As a result of the world’s longest continual conservation programme, the UK population of kites has risen to such a healthy level that they can now be seen in areas where they have been absent for more than 100 years.
Human dreams of flight have led to spectacular developments in aviation, but our flying machines can often seem crude compared with the more impressive manoeuvres of birds and insects. They are the real masters of the air.
Think of the fens and fenland folk and you probably imagine mud, water, lofty reeds, winters of ice, snow, bitter cold and locals dropping like flies. Did they perchance have a dark secret?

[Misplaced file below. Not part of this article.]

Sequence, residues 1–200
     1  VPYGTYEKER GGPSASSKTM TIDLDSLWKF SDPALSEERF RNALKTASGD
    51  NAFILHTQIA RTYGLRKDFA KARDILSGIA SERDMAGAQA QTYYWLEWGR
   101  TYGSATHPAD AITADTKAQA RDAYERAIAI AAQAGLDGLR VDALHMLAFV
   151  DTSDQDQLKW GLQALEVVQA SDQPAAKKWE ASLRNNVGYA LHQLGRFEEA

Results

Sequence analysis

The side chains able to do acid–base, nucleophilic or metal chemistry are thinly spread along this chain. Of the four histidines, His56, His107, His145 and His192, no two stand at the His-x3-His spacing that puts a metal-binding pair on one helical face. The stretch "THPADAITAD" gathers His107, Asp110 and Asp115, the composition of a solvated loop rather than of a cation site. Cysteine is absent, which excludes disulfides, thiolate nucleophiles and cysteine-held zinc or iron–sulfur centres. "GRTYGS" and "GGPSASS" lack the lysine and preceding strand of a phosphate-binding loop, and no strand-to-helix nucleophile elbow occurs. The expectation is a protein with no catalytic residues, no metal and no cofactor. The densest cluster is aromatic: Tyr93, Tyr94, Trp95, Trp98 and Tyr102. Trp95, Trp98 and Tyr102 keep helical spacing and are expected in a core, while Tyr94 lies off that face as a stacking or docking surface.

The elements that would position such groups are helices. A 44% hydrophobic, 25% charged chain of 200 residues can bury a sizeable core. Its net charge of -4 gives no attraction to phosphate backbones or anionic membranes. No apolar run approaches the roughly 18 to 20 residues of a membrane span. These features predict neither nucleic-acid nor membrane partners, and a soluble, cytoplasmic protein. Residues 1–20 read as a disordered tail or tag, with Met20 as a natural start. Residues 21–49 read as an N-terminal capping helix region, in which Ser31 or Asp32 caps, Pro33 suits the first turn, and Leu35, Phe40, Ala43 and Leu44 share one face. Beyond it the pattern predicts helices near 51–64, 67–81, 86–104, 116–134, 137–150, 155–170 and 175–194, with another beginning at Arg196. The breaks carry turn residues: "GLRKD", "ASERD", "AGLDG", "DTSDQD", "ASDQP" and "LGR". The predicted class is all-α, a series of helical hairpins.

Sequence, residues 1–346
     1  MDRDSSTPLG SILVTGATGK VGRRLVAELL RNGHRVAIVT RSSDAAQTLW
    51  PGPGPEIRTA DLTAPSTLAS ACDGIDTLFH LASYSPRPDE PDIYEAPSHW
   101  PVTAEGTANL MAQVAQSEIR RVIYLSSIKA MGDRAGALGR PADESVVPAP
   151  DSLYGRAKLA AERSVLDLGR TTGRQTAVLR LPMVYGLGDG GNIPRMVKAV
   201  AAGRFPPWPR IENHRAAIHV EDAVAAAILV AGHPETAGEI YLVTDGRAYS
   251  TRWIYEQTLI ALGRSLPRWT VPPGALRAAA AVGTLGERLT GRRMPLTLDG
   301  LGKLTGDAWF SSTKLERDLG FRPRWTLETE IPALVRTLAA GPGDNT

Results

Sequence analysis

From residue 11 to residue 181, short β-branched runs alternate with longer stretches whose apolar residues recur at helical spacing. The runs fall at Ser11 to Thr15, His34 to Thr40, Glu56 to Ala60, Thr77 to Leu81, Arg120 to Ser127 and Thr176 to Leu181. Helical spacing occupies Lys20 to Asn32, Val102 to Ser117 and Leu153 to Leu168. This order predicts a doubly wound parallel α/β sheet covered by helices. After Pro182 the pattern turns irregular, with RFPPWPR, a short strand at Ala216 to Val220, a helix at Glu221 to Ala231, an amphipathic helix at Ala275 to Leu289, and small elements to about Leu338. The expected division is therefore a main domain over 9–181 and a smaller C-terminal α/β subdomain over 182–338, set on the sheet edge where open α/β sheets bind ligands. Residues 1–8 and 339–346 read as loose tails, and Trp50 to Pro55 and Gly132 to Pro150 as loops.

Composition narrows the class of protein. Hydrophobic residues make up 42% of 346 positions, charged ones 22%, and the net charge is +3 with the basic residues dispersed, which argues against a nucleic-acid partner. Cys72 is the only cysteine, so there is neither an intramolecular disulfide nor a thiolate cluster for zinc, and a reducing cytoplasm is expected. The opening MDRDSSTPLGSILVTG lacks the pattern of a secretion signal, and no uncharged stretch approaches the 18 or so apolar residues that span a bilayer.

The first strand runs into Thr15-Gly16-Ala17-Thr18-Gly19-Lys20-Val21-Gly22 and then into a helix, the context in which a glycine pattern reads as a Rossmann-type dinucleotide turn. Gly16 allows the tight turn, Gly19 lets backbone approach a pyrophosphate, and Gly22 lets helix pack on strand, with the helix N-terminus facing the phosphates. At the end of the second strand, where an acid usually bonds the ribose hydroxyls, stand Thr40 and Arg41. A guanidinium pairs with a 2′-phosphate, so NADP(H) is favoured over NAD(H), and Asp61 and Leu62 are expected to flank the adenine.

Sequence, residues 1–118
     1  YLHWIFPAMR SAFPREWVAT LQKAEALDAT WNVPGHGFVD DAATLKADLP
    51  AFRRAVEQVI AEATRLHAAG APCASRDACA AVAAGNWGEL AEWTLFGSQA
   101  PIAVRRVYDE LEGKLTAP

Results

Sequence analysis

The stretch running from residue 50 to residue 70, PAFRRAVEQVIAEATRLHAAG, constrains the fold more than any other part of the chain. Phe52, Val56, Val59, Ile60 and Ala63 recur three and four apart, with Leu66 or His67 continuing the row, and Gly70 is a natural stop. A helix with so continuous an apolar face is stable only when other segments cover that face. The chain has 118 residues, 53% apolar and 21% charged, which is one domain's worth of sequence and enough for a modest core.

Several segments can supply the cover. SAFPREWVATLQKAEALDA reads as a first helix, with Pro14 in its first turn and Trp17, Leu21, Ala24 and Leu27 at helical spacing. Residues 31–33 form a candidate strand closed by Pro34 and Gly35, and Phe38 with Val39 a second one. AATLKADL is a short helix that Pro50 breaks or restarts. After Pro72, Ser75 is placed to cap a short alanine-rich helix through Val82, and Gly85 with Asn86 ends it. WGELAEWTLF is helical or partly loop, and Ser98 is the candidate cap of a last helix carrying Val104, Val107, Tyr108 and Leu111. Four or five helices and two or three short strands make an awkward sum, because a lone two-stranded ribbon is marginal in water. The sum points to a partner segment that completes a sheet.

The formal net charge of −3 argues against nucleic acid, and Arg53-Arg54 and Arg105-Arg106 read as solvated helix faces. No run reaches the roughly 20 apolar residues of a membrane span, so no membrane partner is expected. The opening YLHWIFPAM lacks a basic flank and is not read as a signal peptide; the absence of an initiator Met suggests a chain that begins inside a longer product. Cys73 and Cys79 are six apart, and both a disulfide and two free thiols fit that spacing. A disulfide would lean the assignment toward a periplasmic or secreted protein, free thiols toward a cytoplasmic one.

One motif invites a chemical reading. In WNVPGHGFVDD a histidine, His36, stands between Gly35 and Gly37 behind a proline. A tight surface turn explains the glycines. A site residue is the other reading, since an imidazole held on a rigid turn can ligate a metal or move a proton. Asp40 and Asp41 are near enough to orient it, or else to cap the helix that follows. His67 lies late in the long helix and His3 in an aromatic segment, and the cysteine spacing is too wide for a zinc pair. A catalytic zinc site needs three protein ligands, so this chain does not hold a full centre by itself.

Folklore, food and shelter of the common man could be found among the birch and oak of thirteenth-century British woodland.
When Nicholas Watts decided that Vine House Farm at Deeping St Peter, near Spalding, should be a place where steps could be taken to try to halt the decline in numbers of wild birds, it was a decision that was to benefit the wildlife of a much wider area than just this part of Lincolnshire.